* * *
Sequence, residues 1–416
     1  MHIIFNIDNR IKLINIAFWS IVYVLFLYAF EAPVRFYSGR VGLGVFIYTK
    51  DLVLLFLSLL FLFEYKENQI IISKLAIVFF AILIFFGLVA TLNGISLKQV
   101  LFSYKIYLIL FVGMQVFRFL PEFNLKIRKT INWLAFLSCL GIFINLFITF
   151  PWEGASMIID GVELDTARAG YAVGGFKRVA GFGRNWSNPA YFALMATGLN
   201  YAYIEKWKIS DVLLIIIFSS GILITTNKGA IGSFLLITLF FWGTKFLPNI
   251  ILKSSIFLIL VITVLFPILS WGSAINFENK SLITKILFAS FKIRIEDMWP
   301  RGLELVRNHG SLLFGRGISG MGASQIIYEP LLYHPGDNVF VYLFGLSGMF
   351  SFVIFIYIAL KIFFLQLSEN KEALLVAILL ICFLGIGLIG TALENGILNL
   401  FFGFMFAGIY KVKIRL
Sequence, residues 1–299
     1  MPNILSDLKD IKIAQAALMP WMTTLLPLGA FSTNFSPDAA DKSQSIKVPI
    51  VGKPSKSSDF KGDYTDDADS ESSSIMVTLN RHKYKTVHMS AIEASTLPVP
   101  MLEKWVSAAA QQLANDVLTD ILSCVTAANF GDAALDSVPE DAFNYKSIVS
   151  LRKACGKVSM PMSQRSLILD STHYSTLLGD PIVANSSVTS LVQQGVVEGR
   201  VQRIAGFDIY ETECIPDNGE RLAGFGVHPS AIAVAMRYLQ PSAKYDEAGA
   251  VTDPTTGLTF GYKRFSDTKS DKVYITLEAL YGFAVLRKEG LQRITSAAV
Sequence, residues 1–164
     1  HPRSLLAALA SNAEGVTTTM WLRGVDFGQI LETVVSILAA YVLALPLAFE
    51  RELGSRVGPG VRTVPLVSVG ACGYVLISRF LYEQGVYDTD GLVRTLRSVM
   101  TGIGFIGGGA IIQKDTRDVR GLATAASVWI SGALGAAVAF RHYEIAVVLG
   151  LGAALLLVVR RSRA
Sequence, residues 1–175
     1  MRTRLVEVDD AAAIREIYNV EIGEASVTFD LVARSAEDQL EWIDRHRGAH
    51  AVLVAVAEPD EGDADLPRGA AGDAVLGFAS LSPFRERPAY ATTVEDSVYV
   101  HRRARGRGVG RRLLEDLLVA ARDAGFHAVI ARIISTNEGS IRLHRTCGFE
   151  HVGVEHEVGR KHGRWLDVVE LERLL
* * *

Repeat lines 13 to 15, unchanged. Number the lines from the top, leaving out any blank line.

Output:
    51  VGKPSKSSDF KGDYTDDADS ESSSIMVTLN RHKYKTVHMS AIEASTLPVP
   101  MLEKWVSAAA QQLANDVLTD ILSCVTAANF GDAALDSVPE DAFNYKSIVS
   151  LRKACGKVSM PMSQRSLILD STHYSTLLGD PIVANSSVTS LVQQGVVEGR